Somewhere among the chaos that’s 800 blocks of timber, artist Nicole Naone sees the forest for the trees.

Words Matthew Dekneef / Images Mark Kushimi

Her latest sculpture, Being, is her most audacious to date—cutting, shaping, piecing together a complex vision of disparate shapes and sizes to create a whole and discernable form, as if carving through the confusion toward a more tangible clarity.

The result is a 10-foot tall piece, composed entirely of repurposed wood, ingrained with all the omnipresence a name like Being suggests. It’s massive, but quiet in its confidence. Sprawling at the edges, but confined to a strict and sensible structure at its core. Conspicuous in size, the figure is rife with enough detailing and craftsmanship that you could blink and still miss it.

Being and more of Naone’s sculptures will be showcased in the Waikiki Parc Hotel’s next solo exhibition this summer.

  What themes, new or revisited, did you want to push with this particular sculpture?  I noticed my woodwork always seemed really geometric, while any other medium I used was really organic. This piece was largely about finding a balance between the two. Secrets have always been a reoccurring theme for me. Finding ways to hide anything, from a silly inside joke to a traumatic childhood event, into one piece is always something I like to do with my work and this sculpture is full of them. Being more than one thing at the same time is also a theme I care about. In the same way that my mural for Nextdoor had multiple images at the same time depending on where you viewed it from, this sculpture changes drastically based on your vantage point.

What themes, new or revisited, did you want to push with this particular sculpture?
I noticed my woodwork always seemed really geometric, while any other medium I used was really organic. This piece was largely about finding a balance between the two. Secrets have always been a reoccurring theme for me. Finding ways to hide anything, from a silly inside joke to a traumatic childhood event, into one piece is always something I like to do with my work and this sculpture is full of them. Being more than one thing at the same time is also a theme I care about. In the same way that my mural for Nextdoor had multiple images at the same time depending on where you viewed it from, this sculpture changes drastically based on your vantage point.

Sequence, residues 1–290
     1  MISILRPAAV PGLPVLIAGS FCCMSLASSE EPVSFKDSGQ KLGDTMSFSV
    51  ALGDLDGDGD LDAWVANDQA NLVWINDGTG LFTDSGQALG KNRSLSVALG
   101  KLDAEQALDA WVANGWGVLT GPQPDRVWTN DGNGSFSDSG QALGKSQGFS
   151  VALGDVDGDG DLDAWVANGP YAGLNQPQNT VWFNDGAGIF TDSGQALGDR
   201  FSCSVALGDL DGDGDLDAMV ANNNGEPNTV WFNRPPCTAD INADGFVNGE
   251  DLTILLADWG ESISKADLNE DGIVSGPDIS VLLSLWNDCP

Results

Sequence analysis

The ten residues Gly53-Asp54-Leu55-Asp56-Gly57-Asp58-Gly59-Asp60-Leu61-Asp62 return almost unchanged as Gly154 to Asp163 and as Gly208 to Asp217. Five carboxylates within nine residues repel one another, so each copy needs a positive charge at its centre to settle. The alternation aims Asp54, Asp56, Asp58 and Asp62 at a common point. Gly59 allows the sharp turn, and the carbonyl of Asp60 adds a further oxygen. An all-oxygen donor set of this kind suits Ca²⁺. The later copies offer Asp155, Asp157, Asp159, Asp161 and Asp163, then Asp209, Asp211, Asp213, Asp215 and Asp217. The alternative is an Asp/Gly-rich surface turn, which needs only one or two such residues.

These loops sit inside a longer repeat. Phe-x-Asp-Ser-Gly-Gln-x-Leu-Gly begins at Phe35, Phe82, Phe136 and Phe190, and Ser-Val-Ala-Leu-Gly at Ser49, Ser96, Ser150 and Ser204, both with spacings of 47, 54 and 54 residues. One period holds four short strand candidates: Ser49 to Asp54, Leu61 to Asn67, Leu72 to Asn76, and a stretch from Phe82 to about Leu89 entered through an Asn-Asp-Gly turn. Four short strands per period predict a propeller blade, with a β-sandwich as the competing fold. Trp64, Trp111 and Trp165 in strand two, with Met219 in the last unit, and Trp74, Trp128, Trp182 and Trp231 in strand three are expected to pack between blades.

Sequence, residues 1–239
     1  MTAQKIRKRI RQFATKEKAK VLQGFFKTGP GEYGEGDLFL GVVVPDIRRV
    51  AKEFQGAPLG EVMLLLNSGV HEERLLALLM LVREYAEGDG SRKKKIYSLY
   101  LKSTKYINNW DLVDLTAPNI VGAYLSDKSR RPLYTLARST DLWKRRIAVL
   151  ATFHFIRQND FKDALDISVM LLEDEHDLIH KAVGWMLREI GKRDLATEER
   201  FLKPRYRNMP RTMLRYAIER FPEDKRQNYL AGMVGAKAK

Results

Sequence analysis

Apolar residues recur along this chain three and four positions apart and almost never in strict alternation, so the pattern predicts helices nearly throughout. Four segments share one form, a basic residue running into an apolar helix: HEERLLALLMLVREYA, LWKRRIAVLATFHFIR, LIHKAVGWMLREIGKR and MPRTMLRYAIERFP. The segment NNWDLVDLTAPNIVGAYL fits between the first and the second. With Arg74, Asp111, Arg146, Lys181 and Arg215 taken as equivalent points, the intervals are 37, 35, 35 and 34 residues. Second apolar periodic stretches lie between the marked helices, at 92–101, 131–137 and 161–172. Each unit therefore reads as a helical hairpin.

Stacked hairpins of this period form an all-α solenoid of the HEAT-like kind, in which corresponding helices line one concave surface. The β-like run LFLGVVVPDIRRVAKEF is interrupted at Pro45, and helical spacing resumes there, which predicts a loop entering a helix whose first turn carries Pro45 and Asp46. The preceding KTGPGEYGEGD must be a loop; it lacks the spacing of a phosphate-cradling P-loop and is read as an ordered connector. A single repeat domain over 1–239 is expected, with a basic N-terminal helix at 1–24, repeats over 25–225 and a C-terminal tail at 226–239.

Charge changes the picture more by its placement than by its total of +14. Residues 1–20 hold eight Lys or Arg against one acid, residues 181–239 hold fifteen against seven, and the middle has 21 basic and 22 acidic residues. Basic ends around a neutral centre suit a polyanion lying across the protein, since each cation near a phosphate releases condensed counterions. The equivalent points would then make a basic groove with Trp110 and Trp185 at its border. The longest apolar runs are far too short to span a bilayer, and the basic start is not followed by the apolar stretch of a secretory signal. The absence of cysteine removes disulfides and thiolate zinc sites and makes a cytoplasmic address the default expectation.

Did you begin this sculpture with the end in mind, or does the material speak to you as you work with it, to where the final shape is a surprise even to you?  With any piece I make it's usually a bit of both. Certain things have to be very specifically planned for structural integrity. I like to have a really solid foundation both conceptually and physically, so that the piece itself can endure whatever decisions I make whether planned or not. A strong foundation also makes it so that the material has some room to say what it wants without overtaking the piece

Did you begin this sculpture with the end in mind, or does the material speak to you as you work with it, to where the final shape is a surprise even to you?
With any piece I make it's usually a bit of both. Certain things have to be very specifically planned for structural integrity. I like to have a really solid foundation both conceptually and physically, so that the piece itself can endure whatever decisions I make whether planned or not. A strong foundation also makes it so that the material has some room to say what it wants without overtaking the piece

  Describe your day-to-day process. It doesn't look like you have much room for trial and error.  The planning was pretty intense. It had to be. I spent about a month just drawing, researching, talking to a lot of different people, until I finally decided on a design I thought I could handle in the time frame and at my skill level. Once the planning was complete, the actual construction was quite disciplined and regimented. There definitely wasn't room for trial and error. I usually like to work that way. There’s a time for experimenting and a time for working. This was work time.

Describe your day-to-day process. It doesn't look like you have much room for trial and error.